Greg Hardy insists he’s not a “f—ing psychopath”

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Greg Hardy has seldom done himself any favors by talking, yet he continues to talk about his attempt at an NFL comeback.

In his latest bout with words, as communicated by Natalie Weiner of Bleacher Report, Hardy’s still sounding like he’s the victim here, of something other than his self-inflicted professional wounds.

“I’m kind of on the black side of things right now, with the perception of my persona,” Hardy said. “It’s hard to fight the fans. You can’t be right about somebody if you don’t know them — that’s just a basic common decency fact.

“But nobody wants to attest to that, so I have to show that Greg Hardy is not a f–king psychopath. And I say f–king because it’s that extreme. I want people to see that, instead of reading and believing the latest stories.”

Oh.

Hardy’s latest gig is in the Spring League, the West Virginia-based series of exhibitions for cast-offs and long shots holding onto the dream. Of course, football ability isn’t what’s left Hardy there. It was his domestic violence arrest when he was with the Panthers, and a year of being a headache for the Cowboys while not producing sacks commensurate with his pay.

And as he’s done in previous attempts at soul-cleansing interviews (Adam Schefter just twitched and he doesn’t know why), Hardy never quite gets to the point of contrition.

“I did do some s–t wrong,” he said, without referring to the 2014 arrest for throwing his girlfriend into a futon full of assault weapons, among other things. “It gets crossed up when I say certain thing. But there were some lines that I crossed as an athlete, responsibility-wise.”

He really regrets being unprofessional with the Cowboys, including arguing with coaches on the sidelines and being casual about his attendance at team meetings.

“That was just me getting back into the swing of things, realizing where I was,” he said.

But he stands by his contention that he the domestic violence incident shouldn’t be a factor. The charges were expunged from his record after the prosecution never proceeded, when the victim didn’t show up in court. There was a civil settlement.

“Guilty? I mean, the United States of America said I wasn’t,” he said. “But apologetic, most definitely. I’m sorry for anything I did wrong. I never wanted to do anything wrong. . . .

“I’m working to get the Greg Hardy name back in good standings, and for redemption. An apologetic, happy comeback. Get to the Hall of Fame.”

I’m sure that sounded sincere on its way out of his mouth. Again.

31 responses to “Greg Hardy insists he’s not a “f—ing psychopath”

  1. Only way Hardy should ever speak publicly, is through a publicist. That is of course, if he ever wants to play in the NFL again.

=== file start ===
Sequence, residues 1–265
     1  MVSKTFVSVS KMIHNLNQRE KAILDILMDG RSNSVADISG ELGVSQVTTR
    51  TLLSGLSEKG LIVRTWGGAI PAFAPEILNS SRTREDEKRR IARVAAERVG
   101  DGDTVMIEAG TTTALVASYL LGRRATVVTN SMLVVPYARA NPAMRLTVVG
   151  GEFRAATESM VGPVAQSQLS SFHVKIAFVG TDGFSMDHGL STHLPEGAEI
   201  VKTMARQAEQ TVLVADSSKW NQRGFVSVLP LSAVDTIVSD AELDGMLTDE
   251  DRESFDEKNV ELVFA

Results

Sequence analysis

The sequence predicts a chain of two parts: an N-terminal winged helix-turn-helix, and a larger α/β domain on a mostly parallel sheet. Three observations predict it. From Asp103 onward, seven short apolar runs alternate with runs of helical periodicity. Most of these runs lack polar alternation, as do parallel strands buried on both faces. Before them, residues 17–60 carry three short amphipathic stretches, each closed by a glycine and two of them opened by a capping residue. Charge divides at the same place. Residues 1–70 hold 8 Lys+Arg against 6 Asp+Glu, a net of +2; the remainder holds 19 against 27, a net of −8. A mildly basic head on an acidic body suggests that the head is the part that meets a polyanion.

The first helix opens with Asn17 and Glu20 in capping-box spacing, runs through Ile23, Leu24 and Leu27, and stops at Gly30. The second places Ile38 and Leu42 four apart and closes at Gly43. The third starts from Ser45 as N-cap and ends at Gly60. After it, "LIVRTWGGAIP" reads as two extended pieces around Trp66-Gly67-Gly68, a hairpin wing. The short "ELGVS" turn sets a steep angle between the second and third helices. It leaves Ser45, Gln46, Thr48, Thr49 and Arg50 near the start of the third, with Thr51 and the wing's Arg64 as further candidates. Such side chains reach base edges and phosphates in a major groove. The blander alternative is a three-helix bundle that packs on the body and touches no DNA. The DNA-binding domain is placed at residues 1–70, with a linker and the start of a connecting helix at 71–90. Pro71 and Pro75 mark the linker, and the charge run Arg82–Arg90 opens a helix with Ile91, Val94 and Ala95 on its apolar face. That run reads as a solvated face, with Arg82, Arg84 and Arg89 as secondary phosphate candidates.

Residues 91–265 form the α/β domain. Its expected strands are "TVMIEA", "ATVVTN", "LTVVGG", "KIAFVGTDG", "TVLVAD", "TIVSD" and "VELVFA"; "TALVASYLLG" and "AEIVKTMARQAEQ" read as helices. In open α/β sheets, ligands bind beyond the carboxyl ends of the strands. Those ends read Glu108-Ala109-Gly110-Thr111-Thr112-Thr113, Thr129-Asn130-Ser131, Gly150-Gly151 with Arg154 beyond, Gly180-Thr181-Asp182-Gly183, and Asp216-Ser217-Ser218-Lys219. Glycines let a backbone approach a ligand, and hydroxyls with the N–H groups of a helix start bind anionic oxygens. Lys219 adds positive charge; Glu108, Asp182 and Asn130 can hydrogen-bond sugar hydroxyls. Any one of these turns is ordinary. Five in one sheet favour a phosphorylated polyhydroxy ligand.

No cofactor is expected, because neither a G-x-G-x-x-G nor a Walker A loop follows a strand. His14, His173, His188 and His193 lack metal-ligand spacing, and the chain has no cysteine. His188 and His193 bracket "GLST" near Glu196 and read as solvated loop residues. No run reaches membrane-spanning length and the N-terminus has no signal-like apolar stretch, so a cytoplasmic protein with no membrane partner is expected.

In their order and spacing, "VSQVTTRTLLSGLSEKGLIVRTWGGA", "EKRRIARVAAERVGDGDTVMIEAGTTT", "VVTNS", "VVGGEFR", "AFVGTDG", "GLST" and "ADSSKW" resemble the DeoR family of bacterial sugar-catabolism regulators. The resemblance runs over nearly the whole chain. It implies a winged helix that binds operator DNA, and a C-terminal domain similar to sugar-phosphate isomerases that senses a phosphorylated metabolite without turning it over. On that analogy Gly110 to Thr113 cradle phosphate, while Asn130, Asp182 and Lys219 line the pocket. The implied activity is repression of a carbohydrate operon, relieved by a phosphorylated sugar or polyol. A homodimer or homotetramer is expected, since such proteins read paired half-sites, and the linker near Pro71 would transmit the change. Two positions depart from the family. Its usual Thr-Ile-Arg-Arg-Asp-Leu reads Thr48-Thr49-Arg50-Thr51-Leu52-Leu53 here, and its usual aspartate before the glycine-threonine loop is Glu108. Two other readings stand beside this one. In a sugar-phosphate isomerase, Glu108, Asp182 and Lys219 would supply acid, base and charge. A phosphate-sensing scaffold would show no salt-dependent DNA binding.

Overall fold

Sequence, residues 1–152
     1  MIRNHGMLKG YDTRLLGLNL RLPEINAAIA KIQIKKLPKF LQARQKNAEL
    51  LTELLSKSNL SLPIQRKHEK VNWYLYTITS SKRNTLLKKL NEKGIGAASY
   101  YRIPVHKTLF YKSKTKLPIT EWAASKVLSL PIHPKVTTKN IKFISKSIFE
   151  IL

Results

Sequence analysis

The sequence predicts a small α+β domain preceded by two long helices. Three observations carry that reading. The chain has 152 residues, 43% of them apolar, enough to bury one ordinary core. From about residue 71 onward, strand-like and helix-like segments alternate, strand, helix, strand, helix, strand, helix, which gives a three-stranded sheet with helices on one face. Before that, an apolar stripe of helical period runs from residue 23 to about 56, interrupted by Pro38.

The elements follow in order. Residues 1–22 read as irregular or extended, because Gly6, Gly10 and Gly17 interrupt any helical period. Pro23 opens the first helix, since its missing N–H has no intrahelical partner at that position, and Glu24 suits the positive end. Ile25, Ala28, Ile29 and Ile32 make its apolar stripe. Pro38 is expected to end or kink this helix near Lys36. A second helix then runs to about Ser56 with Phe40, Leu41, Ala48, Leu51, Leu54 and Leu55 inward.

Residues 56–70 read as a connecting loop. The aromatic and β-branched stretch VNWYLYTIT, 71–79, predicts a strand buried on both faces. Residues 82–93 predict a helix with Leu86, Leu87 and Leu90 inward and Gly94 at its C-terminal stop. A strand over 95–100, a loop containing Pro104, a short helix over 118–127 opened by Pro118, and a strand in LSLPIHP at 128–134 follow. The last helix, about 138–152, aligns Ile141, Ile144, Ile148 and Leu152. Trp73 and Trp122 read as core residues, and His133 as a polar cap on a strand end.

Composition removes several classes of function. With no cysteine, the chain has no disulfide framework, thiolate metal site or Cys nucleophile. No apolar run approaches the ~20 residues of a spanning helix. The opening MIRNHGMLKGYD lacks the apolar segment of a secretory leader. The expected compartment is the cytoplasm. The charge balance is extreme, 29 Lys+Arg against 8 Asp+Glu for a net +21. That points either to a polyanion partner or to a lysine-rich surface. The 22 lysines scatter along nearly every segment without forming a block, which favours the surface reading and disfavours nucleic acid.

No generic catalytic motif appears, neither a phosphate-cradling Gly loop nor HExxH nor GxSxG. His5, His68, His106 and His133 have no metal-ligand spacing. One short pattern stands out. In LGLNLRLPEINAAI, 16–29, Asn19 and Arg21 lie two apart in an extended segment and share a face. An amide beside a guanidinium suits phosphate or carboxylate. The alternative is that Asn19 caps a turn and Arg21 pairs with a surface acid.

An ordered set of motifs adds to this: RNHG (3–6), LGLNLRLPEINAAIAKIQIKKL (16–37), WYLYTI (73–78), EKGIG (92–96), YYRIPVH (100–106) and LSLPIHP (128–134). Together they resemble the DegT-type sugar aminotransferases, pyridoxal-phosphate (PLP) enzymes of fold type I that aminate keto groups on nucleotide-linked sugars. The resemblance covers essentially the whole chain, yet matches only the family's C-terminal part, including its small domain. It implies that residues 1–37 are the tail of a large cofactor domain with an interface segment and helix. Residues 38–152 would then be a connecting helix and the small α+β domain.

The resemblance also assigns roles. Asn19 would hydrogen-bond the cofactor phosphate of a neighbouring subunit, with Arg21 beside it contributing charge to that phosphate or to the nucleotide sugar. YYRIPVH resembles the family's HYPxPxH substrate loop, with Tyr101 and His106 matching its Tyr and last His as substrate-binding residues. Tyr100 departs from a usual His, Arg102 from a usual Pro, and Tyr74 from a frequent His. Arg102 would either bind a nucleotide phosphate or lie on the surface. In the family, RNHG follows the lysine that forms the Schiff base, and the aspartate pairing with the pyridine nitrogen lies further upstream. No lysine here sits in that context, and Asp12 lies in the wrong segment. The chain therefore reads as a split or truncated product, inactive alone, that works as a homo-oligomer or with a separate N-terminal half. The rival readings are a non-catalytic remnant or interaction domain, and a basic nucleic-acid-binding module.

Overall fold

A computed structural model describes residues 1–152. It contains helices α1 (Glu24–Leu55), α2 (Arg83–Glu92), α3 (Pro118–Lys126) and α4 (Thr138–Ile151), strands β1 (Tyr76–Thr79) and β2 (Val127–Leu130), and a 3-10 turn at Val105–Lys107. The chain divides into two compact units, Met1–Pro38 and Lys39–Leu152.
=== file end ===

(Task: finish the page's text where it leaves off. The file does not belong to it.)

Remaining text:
2. Nothing says, “I’m not a f -ing psychopath” like saying the words, “I’m not a f – ing psychopath” out loud.

  3. Not guilty is not the same as innocent. Not guilty is a legal term used when found so by a jury or when witnesses are too intimidated, or have been paid not to appear in court. The USA never said you weren’t guilty since you never actually went to full trial.

  4. “On the black side of things”? Is that a typo? What the hell does that mean?

    He is a wack job

  5. If the words “I’m not a F—— Psychopath” come out in public conversations…ummm…well…mabey it would better if you stay out of the public eye and keep your mouth shut. The more you try to change the public’s opinion about you the more you look like a total scumbag nut job.

  6. “on the black side of things right now”. What the hell does that mean?

    He is a wack job

  7. Hardy had a great chance in Dallas to just play and keep his mouth shut. Instead he became a total pain to his coaches and teammates. Surely he’s got no more chances left.

  8. Yeah, we know you were driving drunk when you walked away from your Bentley, leaving it on the side of the road in the middle of Dallas after you got caught in a flood like a drunk idiot.

  9. One day people who get lucky with our legal system will get it right. The United States of America did NOT say Hardy was NOT guilty…it wasn’t able to prove that he was. That is a humongous difference.

  10. GH is not in the NFL because of what happened in the hotel, GH isn’t in the NFL because he came to Dallas out of shape, was late for team meetings and was disruptive for teammates and coaches, couldn’t keep his mouth shut. And with that being said if he would’ve had 12-16 sacks he would probably still be in Dallas. I do believe that he can help a team, but the extra stuff he can do without. I am a lifelong Raiders fan, I would have no problem with them giving him a look, but he must arrive in shape, be where he needs to be on time, keep his mouth shut, just play football. And if he violates any one of the guidelines he gets cut.

  11. He had it made in Dallas and they gave him a true second chance. Instead of showing contrition and gratitude, he showed entitlement. He doesn’t even sound that contrite now.

  12. “That was just me getting back into the swing of things” . . . is his excuse for flouting team meetings and disrespecting his coaches? That doesn’t even make sense. I understand that response if someone is asking why you were a step slower on the field for the first weeks, or why it took you a while to learn the playbook, but you need to “get into the swing of things” to know not to chew out your coaches and to show up to team meetings? What is wrong with this guy?

    And yet, here I am trying to parse out the logic in a Greg Hardy quote. So maybe I’m the crazy one.

  13. If you have to convince people you are not a psychopath you have done something that gives a lot of people the impression you are, indeed, a psychopath.

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